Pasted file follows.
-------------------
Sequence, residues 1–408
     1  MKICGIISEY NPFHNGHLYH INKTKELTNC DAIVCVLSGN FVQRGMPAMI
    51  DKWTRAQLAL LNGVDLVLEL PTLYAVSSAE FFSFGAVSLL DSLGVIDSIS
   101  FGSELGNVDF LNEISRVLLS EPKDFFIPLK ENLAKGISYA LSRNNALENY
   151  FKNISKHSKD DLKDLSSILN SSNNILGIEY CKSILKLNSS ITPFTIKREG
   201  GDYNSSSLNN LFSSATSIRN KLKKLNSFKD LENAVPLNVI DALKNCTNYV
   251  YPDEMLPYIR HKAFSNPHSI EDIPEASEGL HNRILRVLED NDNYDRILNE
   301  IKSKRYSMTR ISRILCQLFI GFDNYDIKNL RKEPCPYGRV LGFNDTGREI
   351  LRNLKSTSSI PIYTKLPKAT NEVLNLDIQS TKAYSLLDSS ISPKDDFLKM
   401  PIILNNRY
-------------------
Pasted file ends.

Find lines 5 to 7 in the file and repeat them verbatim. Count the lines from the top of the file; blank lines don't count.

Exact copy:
   151  FKNISKHSKD DLKDLSSILN SSNNILGIEY CKSILKLNSS ITPFTIKREG
   201  GDYNSSSLNN LFSSATSIRN KLKKLNSFKD LENAVPLNVI DALKNCTNYV
   251  YPDEMLPYIR HKAFSNPHSI EDIPEASEGL HNRILRVLED NDNYDRILNE